Pod people: Religious liberty, inflammatory quote

On this week's Crossroads, host Todd Wilken and I talked about media coverage of the U.S. Conference of Catholic Bishops meeting. That coverage was the topic of a post I wrote earlier this week in which I criticized The New York Times' approach.

The post generated quite a bit of discussion, much of it actually related to journalism (smile). A few readers pointed out something that I did not: the Times' use of square quotes around "religious liberty," both in the headline and the lede.

Read John said:

I got my back up at the scare quotes in the headline, which struck me as tendentious. It casts the Bishops as dishonest aggressors rather than defenders of their liberty.

Jerry N. agreed:

I think the scare quotes in the Times headline undermine the bishops from the start; it’s similar to MSM coverage of “conscience” legislation re. healthcare providers.

Todd and I discussed the role of headlines in helping — or hindering — a newspaper's credibility. I noted that reporters usually don't write their own headlines, although in this case the Times headline ("Bishops Open 'Religious Liberty' Drive) accurately reflected the body of the story.

Also on the podcast, Todd asked me about my post on The Oklahoman's coverage this week of the Oklahoma City Council approving a measure designed to protect gay and lesbian city employees from discrimination. In that post, I objected to my local newspaper (where I worked as a reporter and editor for nine years) quoting a pastor claiming gays commit half of murders in large cities. The paper provided no context to verify or refute the claim. I wrote:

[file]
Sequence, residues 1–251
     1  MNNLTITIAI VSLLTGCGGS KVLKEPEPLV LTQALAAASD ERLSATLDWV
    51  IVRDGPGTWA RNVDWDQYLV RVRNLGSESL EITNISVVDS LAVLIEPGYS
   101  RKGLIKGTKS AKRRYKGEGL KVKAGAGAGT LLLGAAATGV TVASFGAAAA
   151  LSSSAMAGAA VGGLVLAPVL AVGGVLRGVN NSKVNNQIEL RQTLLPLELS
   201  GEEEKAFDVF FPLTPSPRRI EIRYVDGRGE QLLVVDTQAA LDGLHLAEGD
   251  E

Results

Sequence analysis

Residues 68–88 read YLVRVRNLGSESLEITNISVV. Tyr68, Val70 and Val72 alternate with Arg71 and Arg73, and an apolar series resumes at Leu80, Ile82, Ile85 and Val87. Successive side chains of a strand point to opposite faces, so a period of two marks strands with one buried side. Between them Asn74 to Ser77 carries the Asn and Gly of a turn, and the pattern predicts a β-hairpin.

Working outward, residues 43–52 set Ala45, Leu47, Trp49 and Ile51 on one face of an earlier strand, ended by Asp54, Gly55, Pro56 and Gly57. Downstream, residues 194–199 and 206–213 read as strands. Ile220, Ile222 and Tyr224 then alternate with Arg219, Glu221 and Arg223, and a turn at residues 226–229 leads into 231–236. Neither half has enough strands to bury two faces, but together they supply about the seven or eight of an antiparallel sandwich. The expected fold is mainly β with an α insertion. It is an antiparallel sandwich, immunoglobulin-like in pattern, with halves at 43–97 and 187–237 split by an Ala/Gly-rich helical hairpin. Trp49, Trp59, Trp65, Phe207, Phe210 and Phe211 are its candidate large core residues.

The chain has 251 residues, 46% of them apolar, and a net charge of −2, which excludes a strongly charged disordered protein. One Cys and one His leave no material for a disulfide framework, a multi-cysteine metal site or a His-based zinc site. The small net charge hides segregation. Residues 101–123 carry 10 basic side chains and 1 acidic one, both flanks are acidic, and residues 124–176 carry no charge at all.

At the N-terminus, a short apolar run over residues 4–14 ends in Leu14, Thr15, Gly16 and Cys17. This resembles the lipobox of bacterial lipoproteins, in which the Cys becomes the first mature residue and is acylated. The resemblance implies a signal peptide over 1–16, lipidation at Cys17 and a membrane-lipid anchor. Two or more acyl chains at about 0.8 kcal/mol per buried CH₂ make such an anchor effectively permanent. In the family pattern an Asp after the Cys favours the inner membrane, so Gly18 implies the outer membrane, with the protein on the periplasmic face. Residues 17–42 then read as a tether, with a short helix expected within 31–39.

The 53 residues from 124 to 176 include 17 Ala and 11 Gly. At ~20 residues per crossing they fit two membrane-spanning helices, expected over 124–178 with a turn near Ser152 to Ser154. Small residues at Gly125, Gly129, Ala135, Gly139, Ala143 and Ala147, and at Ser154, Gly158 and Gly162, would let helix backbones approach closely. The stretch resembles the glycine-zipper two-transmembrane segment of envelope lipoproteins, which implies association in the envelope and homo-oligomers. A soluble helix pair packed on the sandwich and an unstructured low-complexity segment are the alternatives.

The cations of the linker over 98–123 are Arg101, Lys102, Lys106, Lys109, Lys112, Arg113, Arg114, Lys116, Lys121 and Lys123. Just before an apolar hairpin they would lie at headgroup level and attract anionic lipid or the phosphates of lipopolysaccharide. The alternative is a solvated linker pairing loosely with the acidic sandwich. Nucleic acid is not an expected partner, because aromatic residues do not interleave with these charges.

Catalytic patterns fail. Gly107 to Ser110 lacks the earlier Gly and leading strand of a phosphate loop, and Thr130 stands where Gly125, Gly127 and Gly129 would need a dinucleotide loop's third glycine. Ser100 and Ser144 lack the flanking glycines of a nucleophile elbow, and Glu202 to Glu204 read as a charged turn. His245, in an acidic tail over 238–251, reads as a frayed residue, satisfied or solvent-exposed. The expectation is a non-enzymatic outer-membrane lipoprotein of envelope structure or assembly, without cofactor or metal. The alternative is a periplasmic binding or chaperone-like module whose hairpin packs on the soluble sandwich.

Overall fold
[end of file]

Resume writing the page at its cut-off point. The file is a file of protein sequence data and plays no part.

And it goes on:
That’s it!? With that kind of statement, don’t readers deserve to know the specific, unedited words that the pastor used?

In the comments section, reader GZeus noted that the full text of a letter the pastor sent the council was posted on the church website. The letter includes this full quote:

Judge John Martaugh, Chief Magistrate of the New York City Criminal Court, stated, “Homosexuals account for half of the murders in large cities.” (Kaifetz, J. "Homosexual Rights Are Concern for Some," Post-Tribune, 18 December 1992.)

Plug that quote into Google, and you'll find that it has had a long shelf life among certain anti-homosexual forces. But tracking down any evidence to back up the claim is much more difficult. Another blogger notes, too, that "account for" makes it unclear whether homosexuals are the victims or the perpetrators.

Anyway, check out the podcast.

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